Distinct activity patterns in subthalamic nucleus (STN) neurons are observed during normal voluntary movement and abnormal movement in Parkinson's disease (PD). To determine how such patterns of activity are regulated by small conductance (SK) calcium-activated potassium channels (KCa) and voltage-gated calcium (Cav) channels, STN neurons were recorded in the perforated patch configuration in slices, [which were prepared from postnatal day 16 (P16)-P30 rats and held at 37°C] and then treated with the SK KCa channel antagonist apamin or the SK KCa agonist 1-ethyl-2-benzimidazolinone or the Cav channel antagonists ω-conotoxin GVIA (Cav2.2-selective) or nifedipine (Ca v1.2-1.3-selective). In other experiments, fura-2 was introduced as an indicator of intracellular calcium dynamics. A component of the current underlying single-spike afterhyperpolarization was sensitive to apamin, phase-locked to calcium entry via Cav2.2 channels, and necessary for precise, autonomous, single-spike oscillation. SK KCa/Ca v2.2 channel coupling did not underlie spike-frequency adaptation but limited activity in response to current injection by encoding the accumulation of intracellular calcium, maintained the characteristic sigmoidal frequency-intensity relationship and generated apost-train afterhyperpolarization. In addition, SK KCa channels terminated rebound burst activity more effectively in neurons with short-duration bursts (< 100 msec) than neurons with long-duration bursts (> 100 msec), presumably through their activation by Cav3 channels. Ca v1.2-1.3 channels were not strongly coupled to SK KCa channels and therefore supported secondary range and long-duration rebound burst firing. In summary, SK KCa channels play a fundamental role in autonomous, driven, and rebound activity and oppose the transition from autonomous, rhythmic, single-spike activity to burst firing in STN neurons.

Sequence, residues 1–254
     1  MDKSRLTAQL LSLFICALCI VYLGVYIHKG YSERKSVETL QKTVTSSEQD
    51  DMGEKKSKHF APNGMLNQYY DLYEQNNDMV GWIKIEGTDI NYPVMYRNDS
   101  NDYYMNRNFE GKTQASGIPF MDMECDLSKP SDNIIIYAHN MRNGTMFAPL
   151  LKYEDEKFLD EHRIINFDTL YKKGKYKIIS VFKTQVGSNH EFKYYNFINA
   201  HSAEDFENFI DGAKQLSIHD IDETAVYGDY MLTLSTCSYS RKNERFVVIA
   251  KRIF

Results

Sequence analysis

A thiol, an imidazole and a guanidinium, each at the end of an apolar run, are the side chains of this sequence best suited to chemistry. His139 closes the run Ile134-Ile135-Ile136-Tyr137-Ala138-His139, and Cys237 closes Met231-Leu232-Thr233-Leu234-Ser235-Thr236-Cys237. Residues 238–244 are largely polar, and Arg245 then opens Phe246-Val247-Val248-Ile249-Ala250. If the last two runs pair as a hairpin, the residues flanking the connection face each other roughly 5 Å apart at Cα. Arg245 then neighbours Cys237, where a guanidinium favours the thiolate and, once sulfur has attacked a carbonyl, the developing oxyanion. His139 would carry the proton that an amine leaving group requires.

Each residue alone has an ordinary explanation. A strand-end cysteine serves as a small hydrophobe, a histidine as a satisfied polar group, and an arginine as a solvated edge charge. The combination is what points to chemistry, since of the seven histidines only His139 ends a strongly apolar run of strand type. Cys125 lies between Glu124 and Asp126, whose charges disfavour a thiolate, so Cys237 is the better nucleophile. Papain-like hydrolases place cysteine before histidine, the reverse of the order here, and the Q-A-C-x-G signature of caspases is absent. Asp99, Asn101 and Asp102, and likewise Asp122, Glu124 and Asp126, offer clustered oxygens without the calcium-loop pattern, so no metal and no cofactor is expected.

|Original language||English (US)|
|Number of pages||18|
|Journal||Journal of Neuroscience|
|State||Published - Aug 20 2003|
- Basal ganglia
- Rebound burst
ASJC Scopus subject areas